Figure 1.

Phylogenetic representation of the plant kingdom showing major green plant lineages, the orders within Bryophytes and Charophytes discussed by Delaux et al. (in this issue of New Phytologist, pp. 849–863) and pictures of some of the species for which Delaux et al. provide evidence for the absence (Chlorophytes) or presence (Charales) of strigolactones. MYBP, million years before present. Leftside of figure reproduced with permission from Hay & Tsiantis (2010). Images of Nitella hyalina and Chara corallina courtesy of John Clayton (reproduced with permission); Chlamydomonas reinhardtii (; Volvox carteri adapted from Nematollahi et al. (2006).

In addition to molecular, biochemical and ultra-structural characterization, physiological features may support phylogenetic relationships. In order to place strigolactone biosynthesis in an evolutionary context, Delaux et al. performed a detailed study, analysing species representing various orders and divisions for the presence of strigolactones in exudates and extracts. Furthermore, the ability of these extracts and exudates to stimulate AM fungal branching was investigated and the conservation of strigolactone biosynthetic and downstream signalling genes analysed. Finally, the physiological effect of exogenous application of the synthetic strigolactone GR24 was studied.

Phylogenetic analysis of strigolactone biosynthesis and downstream signalling genes

Similar to abscisic acid (ABA), strigolactones are derived from the carotenoid pathway (Matusova et al., 2005). The putative precursor of the strigolactones is all-trans-β-carotene, which is isomerized to 9-cis-β-carotene by D27 (Alder et al., 2012; Fig. 2).Two subsequent enzymatic cleavage steps catalysed by the carotenoid cleavage dioxygenases CCD7 and CCD8 (Umehara et al., 2008; Ariyaratne et al., 2009) yield an intermediate called carlactone (Alder et al., 2012; Fig. 2). Further conversion is probably mediated by a cytochrome P450 enzyme, MAX1, which indeed in Arabidopsis was demonstrated to be required for strigolactone biosynthesis (Kohlen et al., 2011). So far, no orthologues of MAX1 have been proven to exist in other plant species, possibly due to gene redundancy. Interestingly, in the moss genome no MAX1 homolog was detected at all (Proust et al., 2011).

Figure 2.

Schematic representation of the strigolactone biosynthetic pathway including biosynthetic enzymes and proteins likely involved in downstream signalling, as discussed by Delaux et al. (in this issue of New Phytologist, pp. 849–863).

The perception of strigolactones and/or downstream signalling is mediated by an F-box leucine rich repeat protein (MAX2; Stirnberg et al., 2002) and/or two α/β-hydrolases (D14 and D14-like; Arite et al., 2009; Waters et al., 2012; Fig. 2). Using all available protein sequences, expressed sequence tag (EST) collections and (draft) genome and transcript assemblies from the early Prasinophyceae belonging to the Chlorophytes until the modern Angiosperms, Delaux et al. performed a comprehensive phylogenetic analysis of these strigolactone-related genes. Interestingly, D27 was highly conserved in all annotated genomes throughout the green lineage, while CCD7 and CCD8 were less consistently conserved in the Chlorophytes. Only in the genome sequences of the Chlorophyceae Chlamydomonas reinhardtii and Volvox carteri putative homologs for both CCDs were identified. However, a close examination of short conserved motifs present in CCD/NCED proteins revealed that these motifs were not conserved in the latter two species. It will be of interest to investigate the functional relevance of these conserved motifs by expressing the CCD7 and CCD8 genes of these Chlorophytes in heterologous organisms such as carried out by, for example Alder et al. (2012) to prove their catalytic functionality. In addition, significant homologs for strigolactone downstream signalling genes seem also to be lacking in the Chlorophytes. Unfortunately, due to the lack of complete genome sequences, conclusions from homology searches within the EST databases of all Charophytes, and also the Bryophytic liverworts and hornworts, are difficult to make. The detection of clear D27 homologs in most Charophyte orders and absence of CCD and downstream signalling genes may hint at an alternative role for D27. Possibly its function in strigolactone biosynthesis was only acquired later during evolution. Strigolactones and ABA partly share a common pathway and ABA has been reported in Chlorophytes (Hartung, 2010). It would be of interest to compare the conservation of strigolactone biosynthetic genes with the conservation of genes specifically involved in ABA production throughout the green lineage.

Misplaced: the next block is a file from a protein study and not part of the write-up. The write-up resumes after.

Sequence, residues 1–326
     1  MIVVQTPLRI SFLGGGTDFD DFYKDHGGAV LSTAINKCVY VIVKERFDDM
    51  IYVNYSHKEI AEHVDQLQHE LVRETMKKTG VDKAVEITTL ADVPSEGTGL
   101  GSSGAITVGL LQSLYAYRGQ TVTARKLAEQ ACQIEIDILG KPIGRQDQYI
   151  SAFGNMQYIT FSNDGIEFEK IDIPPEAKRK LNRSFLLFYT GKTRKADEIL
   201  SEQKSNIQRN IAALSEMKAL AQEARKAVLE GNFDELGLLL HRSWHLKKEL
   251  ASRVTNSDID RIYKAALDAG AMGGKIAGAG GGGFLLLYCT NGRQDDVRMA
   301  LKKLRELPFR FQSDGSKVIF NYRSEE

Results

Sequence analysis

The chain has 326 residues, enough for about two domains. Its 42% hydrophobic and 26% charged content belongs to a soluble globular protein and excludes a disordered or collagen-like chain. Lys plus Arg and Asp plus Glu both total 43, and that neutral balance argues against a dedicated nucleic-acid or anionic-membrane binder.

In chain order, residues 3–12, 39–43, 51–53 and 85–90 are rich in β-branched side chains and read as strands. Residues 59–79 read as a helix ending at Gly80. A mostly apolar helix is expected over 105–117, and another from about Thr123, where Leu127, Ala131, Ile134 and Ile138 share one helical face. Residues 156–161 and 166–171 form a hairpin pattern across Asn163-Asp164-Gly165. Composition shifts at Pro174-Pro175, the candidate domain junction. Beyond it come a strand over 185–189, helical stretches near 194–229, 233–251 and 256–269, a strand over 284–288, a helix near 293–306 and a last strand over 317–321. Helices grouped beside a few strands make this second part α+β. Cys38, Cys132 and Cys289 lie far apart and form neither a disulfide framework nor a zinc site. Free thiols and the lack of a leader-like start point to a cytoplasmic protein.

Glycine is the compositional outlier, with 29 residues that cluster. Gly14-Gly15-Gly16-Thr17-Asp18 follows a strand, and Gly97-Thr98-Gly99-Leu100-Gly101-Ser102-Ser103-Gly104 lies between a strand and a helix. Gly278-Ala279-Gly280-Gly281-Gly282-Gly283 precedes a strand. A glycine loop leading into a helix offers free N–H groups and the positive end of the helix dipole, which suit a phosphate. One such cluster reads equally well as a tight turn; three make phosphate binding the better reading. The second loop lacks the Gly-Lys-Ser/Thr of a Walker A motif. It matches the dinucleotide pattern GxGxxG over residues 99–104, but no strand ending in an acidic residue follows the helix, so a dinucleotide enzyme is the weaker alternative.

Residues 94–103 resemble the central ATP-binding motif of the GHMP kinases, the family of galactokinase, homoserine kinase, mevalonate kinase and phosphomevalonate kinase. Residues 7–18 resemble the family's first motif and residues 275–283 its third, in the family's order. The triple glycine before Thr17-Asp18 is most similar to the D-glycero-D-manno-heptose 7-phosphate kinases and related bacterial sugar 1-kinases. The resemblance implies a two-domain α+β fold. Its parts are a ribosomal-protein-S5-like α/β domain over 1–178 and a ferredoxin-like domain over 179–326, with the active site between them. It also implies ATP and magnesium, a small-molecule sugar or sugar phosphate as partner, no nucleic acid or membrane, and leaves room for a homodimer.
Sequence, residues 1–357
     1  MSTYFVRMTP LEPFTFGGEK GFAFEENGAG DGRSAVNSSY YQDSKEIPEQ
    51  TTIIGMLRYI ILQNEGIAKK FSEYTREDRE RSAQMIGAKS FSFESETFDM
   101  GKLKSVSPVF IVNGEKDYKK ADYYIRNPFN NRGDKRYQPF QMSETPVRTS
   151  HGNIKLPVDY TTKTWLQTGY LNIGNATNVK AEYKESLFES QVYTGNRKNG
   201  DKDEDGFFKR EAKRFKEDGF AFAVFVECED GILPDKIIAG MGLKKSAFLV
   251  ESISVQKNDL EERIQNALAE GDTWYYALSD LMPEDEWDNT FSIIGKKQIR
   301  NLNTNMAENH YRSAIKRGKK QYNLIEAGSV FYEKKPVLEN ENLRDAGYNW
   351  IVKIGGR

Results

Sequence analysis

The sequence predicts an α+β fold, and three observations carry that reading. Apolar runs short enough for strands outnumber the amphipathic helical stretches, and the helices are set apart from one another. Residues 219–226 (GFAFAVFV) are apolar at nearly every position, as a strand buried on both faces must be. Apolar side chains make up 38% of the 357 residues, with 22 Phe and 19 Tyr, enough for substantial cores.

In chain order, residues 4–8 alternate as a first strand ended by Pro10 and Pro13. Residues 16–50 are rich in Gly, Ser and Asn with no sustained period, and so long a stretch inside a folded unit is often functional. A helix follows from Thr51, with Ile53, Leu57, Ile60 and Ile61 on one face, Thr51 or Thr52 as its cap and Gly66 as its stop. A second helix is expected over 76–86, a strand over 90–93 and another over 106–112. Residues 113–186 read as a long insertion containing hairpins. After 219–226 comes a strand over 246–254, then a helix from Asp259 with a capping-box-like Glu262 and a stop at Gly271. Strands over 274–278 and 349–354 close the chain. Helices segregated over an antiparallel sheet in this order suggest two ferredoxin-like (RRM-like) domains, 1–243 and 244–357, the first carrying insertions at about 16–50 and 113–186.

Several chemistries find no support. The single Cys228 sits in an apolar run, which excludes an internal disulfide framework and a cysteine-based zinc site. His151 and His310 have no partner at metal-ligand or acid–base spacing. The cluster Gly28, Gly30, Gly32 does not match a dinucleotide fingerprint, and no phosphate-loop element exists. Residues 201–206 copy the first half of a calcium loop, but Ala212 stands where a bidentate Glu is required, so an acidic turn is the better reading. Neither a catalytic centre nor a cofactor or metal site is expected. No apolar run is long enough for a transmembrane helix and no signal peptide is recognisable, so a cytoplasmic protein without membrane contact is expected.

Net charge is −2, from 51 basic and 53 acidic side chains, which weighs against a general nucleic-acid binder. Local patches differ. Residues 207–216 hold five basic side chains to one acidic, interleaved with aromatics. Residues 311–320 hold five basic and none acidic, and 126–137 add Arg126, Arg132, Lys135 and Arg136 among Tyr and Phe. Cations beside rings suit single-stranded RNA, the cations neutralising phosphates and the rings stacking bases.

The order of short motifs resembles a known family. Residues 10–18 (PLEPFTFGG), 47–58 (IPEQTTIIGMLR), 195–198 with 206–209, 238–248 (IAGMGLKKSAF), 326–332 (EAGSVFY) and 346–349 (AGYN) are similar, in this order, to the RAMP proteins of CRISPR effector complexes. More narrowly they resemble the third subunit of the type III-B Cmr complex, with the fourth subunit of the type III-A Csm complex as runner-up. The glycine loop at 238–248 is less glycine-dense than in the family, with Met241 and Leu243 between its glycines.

Strigolactone biosynthesis already occurs in green algae of the order Charales